• Faculty and ward nursing leaders
      • Issues: non-acute ward; many residents
      • Negotiation of details as trust and respect develop
      • Negotiated following approach
  • INFORMAL NURSE & RESIDENT INTERACTIONS
    • Grand opening of ward
    • Name tags; prominent pictures with names
    • Use same conference room
    • Common eraser-board: messages, call, etc.
    • Introduce self; use first names; “thank you”
    • Watch body language
    • Make explicit who does what and when
    • Joint softball team for the ward
  • FORMAL NURSE AND RESIDENT INTERACTIONS
    • Nurses attend morning report for their pts
    • Senior resident, charge nurse, & CM – daily (review problems)
    • Joint chart review before rounds (problems, plans)
    • Nurses join ward rounds when their patients involved, including bedside
    • Resident conducts chart rounds with evening shift nurses
    • Resident attends LOS conference 2/week
    • Nurses join conferences for their patients (family, near-miss, etc.) and express ideas & concerns
    • Awards: outstanding nurse and resident
  • BIOPSYCHOSOCIAL CONFERENCE
    • Bi-weekly residents’ a.m. report – authors, faculty attending, nurse leaders, and nurse involved with patient attend
    • Objective:
      • skills to handle difficult psychosocial issues (depression, opiates)
      • associated personal awareness issues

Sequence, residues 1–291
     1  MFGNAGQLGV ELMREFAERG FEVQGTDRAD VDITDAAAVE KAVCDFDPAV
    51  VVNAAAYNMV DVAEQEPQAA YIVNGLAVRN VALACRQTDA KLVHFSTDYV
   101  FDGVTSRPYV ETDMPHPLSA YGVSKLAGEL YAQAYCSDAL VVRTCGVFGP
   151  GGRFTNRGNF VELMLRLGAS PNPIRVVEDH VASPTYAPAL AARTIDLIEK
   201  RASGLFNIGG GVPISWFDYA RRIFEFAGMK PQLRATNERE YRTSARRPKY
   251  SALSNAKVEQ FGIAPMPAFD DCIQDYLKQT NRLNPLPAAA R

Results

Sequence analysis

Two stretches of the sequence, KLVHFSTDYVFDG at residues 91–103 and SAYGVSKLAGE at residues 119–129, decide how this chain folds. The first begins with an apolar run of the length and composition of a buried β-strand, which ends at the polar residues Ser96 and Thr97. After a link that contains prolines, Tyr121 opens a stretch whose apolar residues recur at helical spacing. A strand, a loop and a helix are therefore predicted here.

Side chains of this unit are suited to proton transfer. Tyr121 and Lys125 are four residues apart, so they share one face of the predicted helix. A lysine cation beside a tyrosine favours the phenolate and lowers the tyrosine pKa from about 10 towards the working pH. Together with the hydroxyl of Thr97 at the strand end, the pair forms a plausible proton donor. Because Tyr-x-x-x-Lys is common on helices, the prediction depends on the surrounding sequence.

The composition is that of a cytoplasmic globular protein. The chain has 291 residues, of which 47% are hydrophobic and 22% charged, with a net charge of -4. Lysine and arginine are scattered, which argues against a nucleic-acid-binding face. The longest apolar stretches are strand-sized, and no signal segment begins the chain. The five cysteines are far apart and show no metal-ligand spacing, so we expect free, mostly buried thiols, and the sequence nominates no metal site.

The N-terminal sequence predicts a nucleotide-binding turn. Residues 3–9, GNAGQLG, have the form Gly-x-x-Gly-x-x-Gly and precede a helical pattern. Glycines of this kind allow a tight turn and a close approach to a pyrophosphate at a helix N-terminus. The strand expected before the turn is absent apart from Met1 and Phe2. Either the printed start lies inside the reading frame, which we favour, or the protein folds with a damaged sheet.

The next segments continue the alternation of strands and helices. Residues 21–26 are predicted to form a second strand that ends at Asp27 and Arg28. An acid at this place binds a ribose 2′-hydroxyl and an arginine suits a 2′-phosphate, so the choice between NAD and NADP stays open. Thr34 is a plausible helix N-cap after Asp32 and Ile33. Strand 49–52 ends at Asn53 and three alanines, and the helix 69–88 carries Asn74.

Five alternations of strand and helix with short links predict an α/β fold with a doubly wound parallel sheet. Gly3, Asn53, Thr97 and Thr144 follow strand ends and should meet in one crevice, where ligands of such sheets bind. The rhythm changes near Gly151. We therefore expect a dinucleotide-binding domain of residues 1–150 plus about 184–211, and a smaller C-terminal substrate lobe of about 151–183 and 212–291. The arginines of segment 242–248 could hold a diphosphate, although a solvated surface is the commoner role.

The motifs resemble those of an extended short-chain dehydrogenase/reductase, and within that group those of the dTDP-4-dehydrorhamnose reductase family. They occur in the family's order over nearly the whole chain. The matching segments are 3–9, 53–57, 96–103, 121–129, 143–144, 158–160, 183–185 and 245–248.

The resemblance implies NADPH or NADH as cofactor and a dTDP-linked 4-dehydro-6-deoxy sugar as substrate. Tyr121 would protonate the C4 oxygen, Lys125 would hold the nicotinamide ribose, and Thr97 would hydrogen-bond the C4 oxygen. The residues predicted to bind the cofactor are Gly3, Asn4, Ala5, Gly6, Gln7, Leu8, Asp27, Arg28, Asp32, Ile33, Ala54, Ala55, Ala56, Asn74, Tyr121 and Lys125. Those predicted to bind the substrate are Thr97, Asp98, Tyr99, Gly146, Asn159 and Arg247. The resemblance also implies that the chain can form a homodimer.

• support for those involved with patients
    • Senior resident plans, prepares referenced handout, and leads discussion
    • Patient interviewed in conference room
  • ATTENDING FACULTY
    • All from GIM Division
    • Incorporate their initial input and ongoing feedback with regular review quarterly
    • Key role: model interactions; monitor residents; teach residents
  • RESEARCH DESIGN
    • RCT with post-test only evaluation
      • 80 randomly allocated ‘no-doc’ admissions to our ward (T) and 80 to other services (C)
      • Powered to achieve effect size 0.4 on primary endpoint (patient satisfaction)
    • Also conducting:
      • 1) Formative evaluation
      • 2) Summative evaluation of impact on nurses and residents (pre/post): interactional & teamwork measures, satisfaction, self-efficacy
    • Data evaluation just beginning
  • PRELIMINARY FINDINGS
    • PCC principles key to requisite administrative interactions – joint ownership, respect, and trust
    • Nurses learn quickly, contribute significantly, and are interested in teamwork
    • Resident equally enthused in working with nurses – and having all patients in one place
  • DISCUSSION
    • Unique teaching: training nurses and residents to work as a team on a medical ward, after training them in requisite PCC skills
    • Data in acute units support but none in this area – rigorous evaluation pending
    • Very positive feedback from administration, nursing, residents, and faculty
  • DISCUSSION : A Caveat
    • Not as easy as training in PCC individually and giving guidelines for working together
    • Fundamental issue : long in-grained nurse-doctor relationship patterns = zero sum game where nurse always loses
    • Ongoing relational process: developing genuine trust & respect, overcoming institutionalized biases, & overcoming personal biases
    • Progresses slowly, but it does progress if you stick with it -- Much daily behind-the-scenes work
  • CONCLUSION
    • Much research supports training individuals in PCC
          • = “necessary but not sufficient”
    • To maximize care , satisfaction , and safety , we must expand teaching efforts to address teamwork